Do you Rehearse, rehearse and rehearse again? If you’ve kept up-to-date with The Speaker’s College blog you’ll know that to become a professional public speaker requires discipline. This is the same for all performers – comedians too! In fact most (if not all) comedians rehearse, rehearse and rehearse again to be word, gesture and expression perfect for their live performances. The late great Frankie Howerd was like this to the amazement of Michael Parkinson on his famous 1971 Parkinson interview. Frankie gave Michael a note of the questions to ask him so he would have perfectly scripted answers – not exactly a free-flowing interview eh? But the point is that too often public speakers don’t give enough thought to their performance (for that is exactly what it is) and the net result is fluffed, forgotten and poorly constructed lines. It is easy to make this mistake, easy to skimp on rehearsal and even easier as a result to blow your chance to make a good impression. So whatever you do the next time you stand to speak remember this basic rule: if you want to be a professional performer you’ve got to rehearse, rehearse and rehearse again!

Bobby Livingston
Founder
The Speakers College

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Are you a STORYTELLER?

Fellow Speaker,

Are you a STORYTELLER? Storytelling is the ancient art of conveying events, real, imaginary, or a combination of both, via words, images and sounds. Often the best way to get a story started is to pick up a pen and notepad and to write the first thing that comes into your mind. In this way you drift along naturally your pen stroking, caressing and sometimes spiking the notepad in front of you. As you express yourself this way, with natural flow, you generate a rich body of material much of which will become the cornerstone of your final speech. Great speeches, however, are rarely written “one-off,” invariably they need further editing, refinement and often it is only after major surgery and multiple drafts they reveal themselves to you in their full glory. Leonard Cohen had this to say of his writing struggle with his hit song Hallelujah:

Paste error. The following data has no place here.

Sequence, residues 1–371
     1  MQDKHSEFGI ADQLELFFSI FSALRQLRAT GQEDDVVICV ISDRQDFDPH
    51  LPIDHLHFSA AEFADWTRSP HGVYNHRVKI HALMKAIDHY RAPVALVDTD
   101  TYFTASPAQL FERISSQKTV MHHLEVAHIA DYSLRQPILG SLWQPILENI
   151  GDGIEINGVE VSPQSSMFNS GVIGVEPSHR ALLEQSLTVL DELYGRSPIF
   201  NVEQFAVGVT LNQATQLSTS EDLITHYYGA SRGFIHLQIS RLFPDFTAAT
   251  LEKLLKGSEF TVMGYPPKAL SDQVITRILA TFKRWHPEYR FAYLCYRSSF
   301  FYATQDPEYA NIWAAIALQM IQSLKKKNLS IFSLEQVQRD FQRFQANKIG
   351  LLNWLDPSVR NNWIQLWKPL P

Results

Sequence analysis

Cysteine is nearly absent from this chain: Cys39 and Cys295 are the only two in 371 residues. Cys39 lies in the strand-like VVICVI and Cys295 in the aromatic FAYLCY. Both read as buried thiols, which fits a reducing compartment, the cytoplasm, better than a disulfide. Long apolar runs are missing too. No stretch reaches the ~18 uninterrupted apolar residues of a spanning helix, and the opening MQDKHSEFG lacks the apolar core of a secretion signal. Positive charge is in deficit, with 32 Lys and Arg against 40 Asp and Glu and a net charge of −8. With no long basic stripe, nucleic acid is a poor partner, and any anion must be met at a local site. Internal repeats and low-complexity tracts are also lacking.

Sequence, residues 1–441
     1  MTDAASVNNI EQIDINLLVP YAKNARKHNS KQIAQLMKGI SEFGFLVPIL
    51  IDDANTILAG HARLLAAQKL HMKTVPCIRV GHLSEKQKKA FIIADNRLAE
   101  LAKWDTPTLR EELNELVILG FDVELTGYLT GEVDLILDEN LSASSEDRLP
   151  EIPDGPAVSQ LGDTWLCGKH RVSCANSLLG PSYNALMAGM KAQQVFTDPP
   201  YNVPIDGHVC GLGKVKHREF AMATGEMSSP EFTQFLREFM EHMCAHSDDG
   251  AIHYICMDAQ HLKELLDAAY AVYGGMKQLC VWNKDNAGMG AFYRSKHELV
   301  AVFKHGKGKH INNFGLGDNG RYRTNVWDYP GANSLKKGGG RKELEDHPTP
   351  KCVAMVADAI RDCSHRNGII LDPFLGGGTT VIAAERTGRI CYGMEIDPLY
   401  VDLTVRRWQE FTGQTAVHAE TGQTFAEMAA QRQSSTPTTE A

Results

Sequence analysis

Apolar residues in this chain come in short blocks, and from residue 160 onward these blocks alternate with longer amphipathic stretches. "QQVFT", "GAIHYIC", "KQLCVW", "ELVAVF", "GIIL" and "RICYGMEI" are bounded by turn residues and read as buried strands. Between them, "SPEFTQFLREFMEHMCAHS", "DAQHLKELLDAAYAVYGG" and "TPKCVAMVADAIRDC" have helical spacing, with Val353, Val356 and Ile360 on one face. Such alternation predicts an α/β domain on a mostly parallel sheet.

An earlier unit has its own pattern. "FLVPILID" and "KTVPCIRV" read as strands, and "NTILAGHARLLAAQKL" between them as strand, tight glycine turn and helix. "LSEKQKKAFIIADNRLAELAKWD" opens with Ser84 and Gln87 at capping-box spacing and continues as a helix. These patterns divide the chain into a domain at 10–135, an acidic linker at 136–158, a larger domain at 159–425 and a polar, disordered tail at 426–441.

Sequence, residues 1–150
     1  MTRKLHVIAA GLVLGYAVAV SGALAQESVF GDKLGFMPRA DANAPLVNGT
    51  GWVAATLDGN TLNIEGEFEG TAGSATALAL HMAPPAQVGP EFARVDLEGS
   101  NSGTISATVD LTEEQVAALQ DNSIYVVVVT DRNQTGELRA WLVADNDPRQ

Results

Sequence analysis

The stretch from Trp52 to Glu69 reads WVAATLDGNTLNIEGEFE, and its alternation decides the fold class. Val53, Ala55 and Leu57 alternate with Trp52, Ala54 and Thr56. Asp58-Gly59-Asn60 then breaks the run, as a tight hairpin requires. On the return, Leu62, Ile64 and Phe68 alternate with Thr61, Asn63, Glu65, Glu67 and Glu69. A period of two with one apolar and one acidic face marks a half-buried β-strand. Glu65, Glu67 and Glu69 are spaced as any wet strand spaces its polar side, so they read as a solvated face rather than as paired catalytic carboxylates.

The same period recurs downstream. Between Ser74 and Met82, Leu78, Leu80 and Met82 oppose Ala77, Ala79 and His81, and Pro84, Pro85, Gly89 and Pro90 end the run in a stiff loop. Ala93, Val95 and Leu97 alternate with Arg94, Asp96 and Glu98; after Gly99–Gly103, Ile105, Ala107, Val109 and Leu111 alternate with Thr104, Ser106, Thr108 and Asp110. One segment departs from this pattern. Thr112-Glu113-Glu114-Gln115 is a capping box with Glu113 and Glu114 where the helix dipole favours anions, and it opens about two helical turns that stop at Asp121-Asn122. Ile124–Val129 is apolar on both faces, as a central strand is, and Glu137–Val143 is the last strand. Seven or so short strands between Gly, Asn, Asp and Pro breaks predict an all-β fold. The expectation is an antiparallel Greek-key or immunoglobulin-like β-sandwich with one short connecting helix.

“I filled two notebooks and I remember being in the Royalton Hotel [in New York], on the carpet in my underwear, banging my head on the floor and saying, “I can’t finish this song.””

To get to this stage of “full glory,” however, requires a deep understanding of the specific elements of storytelling:

• Strong beginning
• Original material
• Simple to understand
• Repeats central theme
• Introduces variety
• Builds momentum
• Uses memorable words and phrases
• Personal
• Powerful ending

Standing to speak in public is no easy matter. Yet, when you take time to prepare what you will say the task becomes more manageable. And, when you include the elements of storytelling within your speech your chance of a successful outcome dramatically improves. So as a public speaker the question you face today is this: Are you a STORYTELLER?

Bobby Livingston
Founder
The Speakers College

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Twitter Twitter?